Borrowing Money Can Still Be an Advantage if Managed Wisely
Lessons learned from the recession
When it comes to borrowing money, Americans are getting a good lesson in the new rules. Pre-recession credit was thought of as a tool available to almost everyone. People used their credit for a wide variety of things, seeing its convenience as a major advantage to their monthly bill payment plan. For this reason, there was estimated $3.5 billion in open credit for US consumers in 2006. Then the market began to decline.
It was a wake up call of sorts when the recession first began. Martha Coleman, consumer in Pittsburgh, Tennessee said, “I had always thought of credit cards as safeguards against financial disaster. If I didn’t have the cash up front, I charged it. I always mentally knew if the money wasn’t available I had a credit cushion to save me.” Coleman soon learned that “credit cushion” was gone when her credit card company slashed her limit at the height of recession. She added, “It could not have come at a worse time because I got laid off. I was counting on having extra credit to tide me over and suddenly it was gone.”
How the recession changed credit
The recession greatly changed how consumers manage credit. When it comes to purchasing big-ticket items, almost everyone needs to have credit. Homes, cars, appliances and electronics are all normally financed. The biggest problem however is when people use their credit cards to pay for small expenses too. Gale Frampton, analyst for Crohn’s and Dackman, said, “Everyday expenses normally only drive up your balance and do little to actually help you. If you are buying a $30 item, why stretch the payment out over a few months? If money is that tight, then don’t buy it at all.”
It’s a hard lesson consumers learned via the recession and how credit lenders responded. To mitigate damages credit card companies slashed limits and increased interest rates to unmanageable amounts. The problem was that an abundance of sub prime borrowers forced credit card companies to turn to their good-paying customers, to find as much profit as they could. Many people who were borrowing money wisely felt that they were being penalized undeservingly. Frampton added, “Bad borrowers bowed out of the game early, leaving good borrowers holding the bag. Credit lenders realized that if they weren’t hard on their good customers, they wouldn’t make any money back.”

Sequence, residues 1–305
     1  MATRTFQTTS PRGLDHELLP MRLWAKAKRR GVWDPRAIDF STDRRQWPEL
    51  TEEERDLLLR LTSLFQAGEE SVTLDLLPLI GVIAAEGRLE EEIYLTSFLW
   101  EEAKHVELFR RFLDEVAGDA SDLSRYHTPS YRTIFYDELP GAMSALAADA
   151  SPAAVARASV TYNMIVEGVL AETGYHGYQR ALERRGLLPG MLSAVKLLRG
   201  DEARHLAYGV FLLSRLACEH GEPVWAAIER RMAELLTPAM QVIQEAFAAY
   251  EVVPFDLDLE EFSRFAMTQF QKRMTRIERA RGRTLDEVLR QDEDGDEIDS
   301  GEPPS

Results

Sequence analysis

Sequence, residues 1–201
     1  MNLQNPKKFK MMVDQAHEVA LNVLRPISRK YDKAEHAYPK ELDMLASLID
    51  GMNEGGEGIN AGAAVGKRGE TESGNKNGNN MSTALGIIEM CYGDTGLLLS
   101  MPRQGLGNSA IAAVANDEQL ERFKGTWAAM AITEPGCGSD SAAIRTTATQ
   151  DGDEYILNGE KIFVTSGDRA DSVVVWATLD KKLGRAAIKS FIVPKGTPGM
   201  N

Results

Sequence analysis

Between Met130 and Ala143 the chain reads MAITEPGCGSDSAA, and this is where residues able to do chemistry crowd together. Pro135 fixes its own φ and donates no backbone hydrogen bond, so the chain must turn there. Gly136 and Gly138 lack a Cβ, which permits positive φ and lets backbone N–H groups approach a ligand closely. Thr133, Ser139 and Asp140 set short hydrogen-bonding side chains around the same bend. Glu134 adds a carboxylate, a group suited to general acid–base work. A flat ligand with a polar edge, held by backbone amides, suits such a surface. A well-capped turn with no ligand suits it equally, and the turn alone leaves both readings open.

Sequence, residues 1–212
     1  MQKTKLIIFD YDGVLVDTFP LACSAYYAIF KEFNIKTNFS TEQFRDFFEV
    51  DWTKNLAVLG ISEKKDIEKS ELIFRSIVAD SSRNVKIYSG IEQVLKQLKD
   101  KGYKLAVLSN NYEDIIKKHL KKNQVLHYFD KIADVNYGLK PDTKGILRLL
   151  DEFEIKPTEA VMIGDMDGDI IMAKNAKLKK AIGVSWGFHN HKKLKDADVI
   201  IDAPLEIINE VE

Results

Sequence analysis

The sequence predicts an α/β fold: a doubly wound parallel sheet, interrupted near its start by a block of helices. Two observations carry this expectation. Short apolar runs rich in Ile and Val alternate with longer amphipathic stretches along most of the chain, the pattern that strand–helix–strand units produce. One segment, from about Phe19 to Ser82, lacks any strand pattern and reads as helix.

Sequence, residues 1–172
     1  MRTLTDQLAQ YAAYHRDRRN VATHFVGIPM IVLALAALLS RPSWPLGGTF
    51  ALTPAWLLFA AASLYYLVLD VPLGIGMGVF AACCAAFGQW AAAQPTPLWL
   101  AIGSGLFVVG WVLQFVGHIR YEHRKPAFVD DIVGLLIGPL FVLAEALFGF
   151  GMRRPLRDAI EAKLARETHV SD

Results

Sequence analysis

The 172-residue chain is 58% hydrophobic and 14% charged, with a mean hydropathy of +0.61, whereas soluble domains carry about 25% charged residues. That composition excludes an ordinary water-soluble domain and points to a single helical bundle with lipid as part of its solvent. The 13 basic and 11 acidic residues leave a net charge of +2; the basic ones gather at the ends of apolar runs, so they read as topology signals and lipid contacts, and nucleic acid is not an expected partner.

How to manage credit now
When it comes to post-recessionary credit, there are new rules to follow. One the most effective ways to manage credit is to pay down balances. Craig Watts, spokesman for FICO, said, “The overall effect of paying down credit balances is based on an individual basis…but depending on a consumer’s overall credit profile, he or she could push their score to the 700 range just by paying it down.” The reason for this is because 30% of a credit score is based on “credit utilization.” That term is used to gauge the amount of credit being used versus the total amount of credit available. For example, if a consumer has $5,000 in debt and an open credit line of $10,000, then their credit utilization is 50%. That percentage is what creates about one-third of a credit score and the lower the credit utilization ratio, the higher the overall credit score.
Another tip for consumers is to always make payments on time. The chronically late payer is doing nothing but hurting his or her score. For example, Watts also pointed out that paying all bills on time for just one month could potentially “boost a credit score by as much as 20 points.” Overall the two biggest tips when it comes to managing credit are to pay down balances and pay on time.
Figuring out credit for positive results
Borrowing money does not have to be detrimental to a credit score. Credit cards are meant to help consumers, but the new face of credit lending forces them to be wiser about management. Credit card lenders are strict these days, but if a consumer knows how to maneuver their accounts they can still walk away with a positive outcome.